This just in, from the department of the painfully obvious: Security was your biggest concern in this month's survey about Microsoft IIS.
Of course, this non-news came as no surprise when I discussed readers' responses to our IIS survey with Microsoft Group Product Manager Eric Feagler (Web platform and tools marketing) and IIS Product Unit Manager Bill Staples. As Eric noted, "Security is top of mind for at least two-thirds \[of the 392 respondents\], and we're really focused on that."
"Security has to be job one," commented one reader. Another said, "I am not concerned with functionality. I am very concerned with security." Delving into that theme, I found that readers weren't simply asking Microsoft to lock down IIS 7.0, as the company has already done with IIS 6.0. Rather, readers view security as integral to every aspect of IIS and want security improvements to be reflected in better manageability—including dumping the infamous metabase—and reduced complexity. One respondent succinctly requested "more security focus, security tools, security control."
Eric and Bill talked to me about how IIS 7.0, which is now in beta, addresses those concerns. "Managing the attack surface, the footprint of the server, is key in IIS 7," Bill explained. "The changes span all aspects of the server, from making it easier to manage, control, and delegate configuration tasks, to the way that the core Web server is implemented and extensibility, right down to the way you diagnose and troubleshoot the server when things start going wrong."
Under New Management
These changes align with survey feedback, particularly with regard to manageability. One reader simply demanded, "Please make it easier to manage."
Bill (who manages the IIS engineers, developers, testers, and program managers) replied, "IIS 7 has a new administration tool that makes managing the server much easier. Management was a top problem because, in 1994, we built a new admin UI for Windows NT 4.0 and IIS 4.0. In 2005, we had the same UI, and we'd added radio buttons, check boxes, and tabs. The result is really complex with lots of features. You have to know where you're going to make it work. For IIS 7, we wrote from scratch a task-oriented admin UI."
Answering a reader who suggested, "Why not forget the management console and build a dedicated IIS front end for people who have to manage sites?" Bill said, "The new UI lets both the administrator who manages the box and the Web site administrator or developer use the same tool. Site admins complain about IIS management because they have to either write scripts or ask the machine administrator to change a setting. With IIS 7, the machine admin can delegate control in a very granular way to the site admins and let them self-service."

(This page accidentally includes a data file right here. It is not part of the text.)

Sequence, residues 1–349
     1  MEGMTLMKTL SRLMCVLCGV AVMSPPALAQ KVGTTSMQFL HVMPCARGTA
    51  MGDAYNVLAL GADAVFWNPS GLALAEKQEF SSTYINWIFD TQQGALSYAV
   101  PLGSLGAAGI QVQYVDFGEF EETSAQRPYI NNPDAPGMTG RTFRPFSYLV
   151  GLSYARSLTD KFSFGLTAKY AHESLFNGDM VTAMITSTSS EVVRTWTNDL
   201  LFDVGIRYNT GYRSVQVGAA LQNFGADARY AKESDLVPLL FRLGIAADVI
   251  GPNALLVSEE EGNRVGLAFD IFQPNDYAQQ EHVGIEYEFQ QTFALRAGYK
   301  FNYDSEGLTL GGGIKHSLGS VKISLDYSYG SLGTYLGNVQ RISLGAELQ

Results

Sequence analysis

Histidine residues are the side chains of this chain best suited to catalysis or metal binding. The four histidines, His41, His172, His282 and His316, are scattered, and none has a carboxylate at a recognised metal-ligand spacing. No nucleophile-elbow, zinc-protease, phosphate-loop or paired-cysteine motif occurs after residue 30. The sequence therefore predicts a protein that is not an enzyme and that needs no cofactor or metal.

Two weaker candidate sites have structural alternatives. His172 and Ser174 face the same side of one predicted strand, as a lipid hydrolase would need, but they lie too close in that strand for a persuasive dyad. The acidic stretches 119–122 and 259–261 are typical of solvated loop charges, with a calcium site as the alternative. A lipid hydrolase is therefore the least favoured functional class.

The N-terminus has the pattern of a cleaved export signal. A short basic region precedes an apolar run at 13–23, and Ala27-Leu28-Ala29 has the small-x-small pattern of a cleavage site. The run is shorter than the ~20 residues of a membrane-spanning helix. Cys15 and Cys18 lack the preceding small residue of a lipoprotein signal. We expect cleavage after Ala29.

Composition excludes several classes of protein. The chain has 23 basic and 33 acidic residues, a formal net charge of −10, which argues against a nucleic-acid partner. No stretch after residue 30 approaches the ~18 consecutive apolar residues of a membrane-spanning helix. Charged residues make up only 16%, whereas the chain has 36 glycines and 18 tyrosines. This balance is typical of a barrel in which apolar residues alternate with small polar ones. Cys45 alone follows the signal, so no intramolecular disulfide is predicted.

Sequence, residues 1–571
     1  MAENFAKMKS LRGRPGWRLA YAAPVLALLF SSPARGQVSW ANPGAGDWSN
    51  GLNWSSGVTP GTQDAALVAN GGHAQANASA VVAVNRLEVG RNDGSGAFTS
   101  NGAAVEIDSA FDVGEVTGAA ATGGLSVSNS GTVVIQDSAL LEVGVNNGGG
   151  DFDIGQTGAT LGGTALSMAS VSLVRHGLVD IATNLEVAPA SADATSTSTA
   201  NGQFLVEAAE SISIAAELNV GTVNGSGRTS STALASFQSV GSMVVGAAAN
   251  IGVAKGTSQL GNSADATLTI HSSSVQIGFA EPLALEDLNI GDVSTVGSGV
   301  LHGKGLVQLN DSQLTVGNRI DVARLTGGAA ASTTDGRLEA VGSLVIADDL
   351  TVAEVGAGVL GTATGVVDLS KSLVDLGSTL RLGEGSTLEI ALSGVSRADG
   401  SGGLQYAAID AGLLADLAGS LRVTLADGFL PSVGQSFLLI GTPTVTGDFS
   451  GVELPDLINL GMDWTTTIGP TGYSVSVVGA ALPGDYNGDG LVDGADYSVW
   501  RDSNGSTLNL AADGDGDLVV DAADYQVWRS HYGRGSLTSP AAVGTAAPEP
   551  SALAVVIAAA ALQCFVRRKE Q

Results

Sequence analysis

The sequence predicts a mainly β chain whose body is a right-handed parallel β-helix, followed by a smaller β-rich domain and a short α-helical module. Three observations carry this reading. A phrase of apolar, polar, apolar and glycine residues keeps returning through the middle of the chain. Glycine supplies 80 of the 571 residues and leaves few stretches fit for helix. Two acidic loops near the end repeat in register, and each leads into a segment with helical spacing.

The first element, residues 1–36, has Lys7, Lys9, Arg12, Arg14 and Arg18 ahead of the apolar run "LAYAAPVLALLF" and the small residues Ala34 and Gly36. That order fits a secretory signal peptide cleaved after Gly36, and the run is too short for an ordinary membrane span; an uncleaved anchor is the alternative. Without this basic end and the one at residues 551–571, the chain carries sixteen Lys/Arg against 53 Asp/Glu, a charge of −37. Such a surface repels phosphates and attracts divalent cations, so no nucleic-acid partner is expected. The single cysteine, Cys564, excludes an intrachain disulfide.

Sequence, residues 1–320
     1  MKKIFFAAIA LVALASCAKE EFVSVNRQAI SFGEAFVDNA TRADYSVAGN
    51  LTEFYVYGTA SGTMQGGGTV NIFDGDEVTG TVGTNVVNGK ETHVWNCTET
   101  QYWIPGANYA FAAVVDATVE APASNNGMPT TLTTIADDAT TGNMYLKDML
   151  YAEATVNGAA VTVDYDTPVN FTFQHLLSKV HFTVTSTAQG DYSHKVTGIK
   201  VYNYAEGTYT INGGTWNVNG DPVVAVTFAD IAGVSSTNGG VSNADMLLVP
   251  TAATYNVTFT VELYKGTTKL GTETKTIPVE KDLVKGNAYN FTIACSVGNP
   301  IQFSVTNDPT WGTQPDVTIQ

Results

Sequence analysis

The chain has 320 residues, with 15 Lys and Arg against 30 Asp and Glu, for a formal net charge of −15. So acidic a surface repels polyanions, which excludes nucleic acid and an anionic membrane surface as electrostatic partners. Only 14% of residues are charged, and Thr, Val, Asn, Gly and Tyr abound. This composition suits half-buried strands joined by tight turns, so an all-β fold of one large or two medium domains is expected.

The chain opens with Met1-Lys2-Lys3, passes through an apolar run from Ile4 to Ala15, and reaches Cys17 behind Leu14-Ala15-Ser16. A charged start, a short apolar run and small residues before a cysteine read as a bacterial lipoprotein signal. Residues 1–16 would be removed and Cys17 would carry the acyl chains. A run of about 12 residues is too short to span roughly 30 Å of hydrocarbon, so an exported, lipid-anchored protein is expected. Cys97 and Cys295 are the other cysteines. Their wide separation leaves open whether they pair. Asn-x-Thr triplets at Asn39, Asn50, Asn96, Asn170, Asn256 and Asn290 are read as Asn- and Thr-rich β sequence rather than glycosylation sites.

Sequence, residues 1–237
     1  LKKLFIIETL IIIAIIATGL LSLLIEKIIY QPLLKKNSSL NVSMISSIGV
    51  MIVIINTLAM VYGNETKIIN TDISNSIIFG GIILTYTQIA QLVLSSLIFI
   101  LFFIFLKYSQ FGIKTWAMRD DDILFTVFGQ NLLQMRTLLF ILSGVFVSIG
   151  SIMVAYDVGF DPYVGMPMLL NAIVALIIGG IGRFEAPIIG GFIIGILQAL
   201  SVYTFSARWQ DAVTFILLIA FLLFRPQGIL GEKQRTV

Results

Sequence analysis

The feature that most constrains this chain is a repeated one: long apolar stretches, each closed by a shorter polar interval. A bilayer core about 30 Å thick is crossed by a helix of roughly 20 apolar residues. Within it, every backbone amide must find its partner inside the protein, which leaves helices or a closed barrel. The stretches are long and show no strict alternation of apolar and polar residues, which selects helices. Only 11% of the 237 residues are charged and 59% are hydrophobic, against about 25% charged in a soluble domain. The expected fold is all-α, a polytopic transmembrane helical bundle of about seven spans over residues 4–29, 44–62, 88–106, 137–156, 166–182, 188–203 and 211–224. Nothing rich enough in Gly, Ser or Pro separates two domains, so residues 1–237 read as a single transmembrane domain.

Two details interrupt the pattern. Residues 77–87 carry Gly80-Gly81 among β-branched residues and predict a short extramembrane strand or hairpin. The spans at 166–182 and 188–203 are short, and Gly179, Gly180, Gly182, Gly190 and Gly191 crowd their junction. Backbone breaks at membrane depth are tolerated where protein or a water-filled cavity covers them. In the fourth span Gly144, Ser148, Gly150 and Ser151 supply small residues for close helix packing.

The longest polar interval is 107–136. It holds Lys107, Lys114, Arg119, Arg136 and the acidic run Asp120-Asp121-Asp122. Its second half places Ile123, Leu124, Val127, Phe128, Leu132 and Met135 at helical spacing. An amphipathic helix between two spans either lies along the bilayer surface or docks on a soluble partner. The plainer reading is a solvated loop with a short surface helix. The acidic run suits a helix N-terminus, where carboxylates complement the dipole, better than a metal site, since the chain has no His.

Bill continued, "We also added ASP.NET features because we often hear that customers can manage IIS in one place, but ASP.NET is in a completely different configuration store. We now have one admin tool, but there are 50 or 60 features to manage. How do you find the one you want? With this new UI, which can run standalone or as an MMC snap-in, a pop-up lets you narrow down the list of administration options. If you just want security settings, you can click on the security filter and you see only security options. Also, you can multiselect. If you select security and diagnostics, you see just the features for those two areas. It's much faster than searching through tab after tab."
Troubleshooting is another management task that readers want Bill's team to address. In particular, readers asked for "a real-time activity monitor so I could easily see what's going on now and potentially react."
Bill agreed. "Troubleshooting a server is difficult today. IIS is essentially a black box: Requests come in, and most of the time they come out OK. But when they don't, it's almost impossible to tell what went wrong. With IIS 7, we automatically capture trace data. Suppose you're seeing Server 500 errors—a common server failure—every so often.You can tell IIS to monitor a specific area on the Web site, or the entire site, or the entire Web server for those errors. When IIS detects that condition, it logs a detailed trace stack of everything that happened for that request so you can see exactly where that failure happened."
Also, IIS 7 exposes "internal state information in real time," Bill added. "A common issue is that occasionally, IIS will spin up the CPU to 100 percent and just sit there. You have no idea why. You can kill the process, but the next request takes usage back to 100 percent. Often the cause is code that has an infinite loop. IIS 7 has a new Runtime State and Control API that lets you see the status of all applications, application pools, worker processes, and sites on the box. In real time, you can see requests as they flow through the server. If one is taking the CPU to 100 percent, you can pinpoint it and turn off that site or investigate that URL to see what the code is."